Those who would want to portray Covid as a completely intractable problem often frame our choice as one between doing nothing at all or “lockdowns,” but there are plenty of less disruptive measures that would dramatically reduce transmission and the social burden of the disease. For instance, since SARS-CoV-2 is primarily an airborne virus, it should be a top priority to invest in infrastructure that would clean the air in all indoor public spaces, using technologies like HEPA filters or germicidal ultraviolet light. Waterborne illnesses like cholera were not vanquished in the developed world by leaving it up to individuals to boil their own water forever but by building public-sanitation systems to provide clean water for everyone. We can, and should, do the same for the air that we breathe. This is just one piece of what a comprehensive strategy for real disease mitigation could look like, one that also relies on tools like vaccination, testing, contact tracing, supported isolation, waste-water monitoring, and the use of high-quality masks.
In theory, none of this requires there to be a formal state of emergency. But without one, the most likely outcome is continued inaction. This is why many environmental activists have demanded an official emergency declaration over climate change. And for those tempted to object that a state of emergency cannot last forever, consider that the national emergency declared in response to the tragedy of the 9/11 terror attacks remains in effect more than two decades later. As Branko Marcetic wrote recently in Jacobin, we are currently witnessing “a 9/11’s worth of U.S. deaths roughly every two weeks” due to Covid, yet “the U.S. political class can’t be bothered to keep in place the policies to fight it.”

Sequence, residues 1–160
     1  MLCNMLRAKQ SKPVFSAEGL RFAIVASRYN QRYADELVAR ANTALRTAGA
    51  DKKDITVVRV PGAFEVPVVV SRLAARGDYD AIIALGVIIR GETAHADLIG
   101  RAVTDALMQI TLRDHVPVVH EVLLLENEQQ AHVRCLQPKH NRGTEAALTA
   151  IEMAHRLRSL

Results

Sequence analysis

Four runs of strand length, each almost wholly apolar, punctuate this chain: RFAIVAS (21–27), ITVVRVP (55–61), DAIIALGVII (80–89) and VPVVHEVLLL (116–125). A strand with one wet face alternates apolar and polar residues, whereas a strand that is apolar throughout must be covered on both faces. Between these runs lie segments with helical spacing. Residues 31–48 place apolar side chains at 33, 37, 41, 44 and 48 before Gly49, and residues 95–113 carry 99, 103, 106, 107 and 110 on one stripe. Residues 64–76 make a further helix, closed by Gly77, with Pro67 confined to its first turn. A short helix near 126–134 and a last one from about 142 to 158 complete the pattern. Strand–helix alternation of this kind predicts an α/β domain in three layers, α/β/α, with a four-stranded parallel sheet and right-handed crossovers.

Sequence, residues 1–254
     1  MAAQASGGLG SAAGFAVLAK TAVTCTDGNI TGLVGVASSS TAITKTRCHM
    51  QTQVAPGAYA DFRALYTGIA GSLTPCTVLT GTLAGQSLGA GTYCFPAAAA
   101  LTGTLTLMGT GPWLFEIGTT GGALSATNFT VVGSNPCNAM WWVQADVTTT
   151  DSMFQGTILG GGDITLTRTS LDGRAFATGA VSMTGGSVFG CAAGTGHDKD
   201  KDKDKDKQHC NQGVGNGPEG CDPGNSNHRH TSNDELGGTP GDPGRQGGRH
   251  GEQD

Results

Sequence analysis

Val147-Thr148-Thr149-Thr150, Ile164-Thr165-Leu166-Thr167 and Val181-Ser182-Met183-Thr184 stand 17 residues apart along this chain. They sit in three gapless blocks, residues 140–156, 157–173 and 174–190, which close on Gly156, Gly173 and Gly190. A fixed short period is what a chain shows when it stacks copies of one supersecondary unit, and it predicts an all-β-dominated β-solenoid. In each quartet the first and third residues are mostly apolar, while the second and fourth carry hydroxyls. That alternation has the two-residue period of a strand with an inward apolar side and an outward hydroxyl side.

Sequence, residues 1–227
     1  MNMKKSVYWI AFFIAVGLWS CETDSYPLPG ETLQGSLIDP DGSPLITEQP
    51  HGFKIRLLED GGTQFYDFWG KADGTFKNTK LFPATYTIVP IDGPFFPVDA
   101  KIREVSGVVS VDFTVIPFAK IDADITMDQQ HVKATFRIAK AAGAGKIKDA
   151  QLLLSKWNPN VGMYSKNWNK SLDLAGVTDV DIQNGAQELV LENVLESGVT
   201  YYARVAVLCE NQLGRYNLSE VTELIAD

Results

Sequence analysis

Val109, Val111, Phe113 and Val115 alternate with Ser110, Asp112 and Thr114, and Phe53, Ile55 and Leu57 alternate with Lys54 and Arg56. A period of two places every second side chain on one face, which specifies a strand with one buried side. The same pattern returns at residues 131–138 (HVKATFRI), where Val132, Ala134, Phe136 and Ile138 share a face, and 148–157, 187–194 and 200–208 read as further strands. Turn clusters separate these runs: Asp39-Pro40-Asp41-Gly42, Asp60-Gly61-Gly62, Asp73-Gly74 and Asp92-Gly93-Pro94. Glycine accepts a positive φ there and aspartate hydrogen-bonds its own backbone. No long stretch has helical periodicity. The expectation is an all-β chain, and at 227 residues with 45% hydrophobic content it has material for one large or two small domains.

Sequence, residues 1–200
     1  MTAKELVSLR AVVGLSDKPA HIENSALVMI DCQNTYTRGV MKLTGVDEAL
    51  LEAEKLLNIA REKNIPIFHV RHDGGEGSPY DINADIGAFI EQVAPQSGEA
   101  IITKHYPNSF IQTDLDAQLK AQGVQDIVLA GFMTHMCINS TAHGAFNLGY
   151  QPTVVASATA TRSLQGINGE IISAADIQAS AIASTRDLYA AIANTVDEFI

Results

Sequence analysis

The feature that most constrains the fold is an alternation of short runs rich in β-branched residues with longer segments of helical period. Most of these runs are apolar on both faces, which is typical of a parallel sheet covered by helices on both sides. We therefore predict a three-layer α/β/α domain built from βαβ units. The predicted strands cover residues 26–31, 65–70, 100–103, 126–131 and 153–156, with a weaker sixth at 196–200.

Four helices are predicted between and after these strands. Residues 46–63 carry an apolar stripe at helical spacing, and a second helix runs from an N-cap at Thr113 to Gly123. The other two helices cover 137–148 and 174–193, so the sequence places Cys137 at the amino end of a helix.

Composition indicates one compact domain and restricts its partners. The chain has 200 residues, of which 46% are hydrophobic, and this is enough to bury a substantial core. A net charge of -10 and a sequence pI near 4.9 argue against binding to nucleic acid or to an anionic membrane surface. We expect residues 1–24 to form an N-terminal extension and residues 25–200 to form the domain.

Why not? Perhaps elected officials fear that anything involving the word “Covid” is politically toxic now that the public is thought to have “moved on” from the issue. But another part of the explanation might be that many of the unprecedented actions taken by the government in response to the onset of the crisis—from imposing moratoria on evictions and student-loan payments to expanding unemployment benefits, nutrition assistance, and access to Medicaid—visibly demonstrated how the state, when it feels like it, can do far more than it usually does to provide for the needs of ordinary people. For many in power, this was a dangerous development: after all, if voters get it in their heads that access to public health insurance can be broadened not just during an emergency, but in “normal” times too, who knows what they might demand next?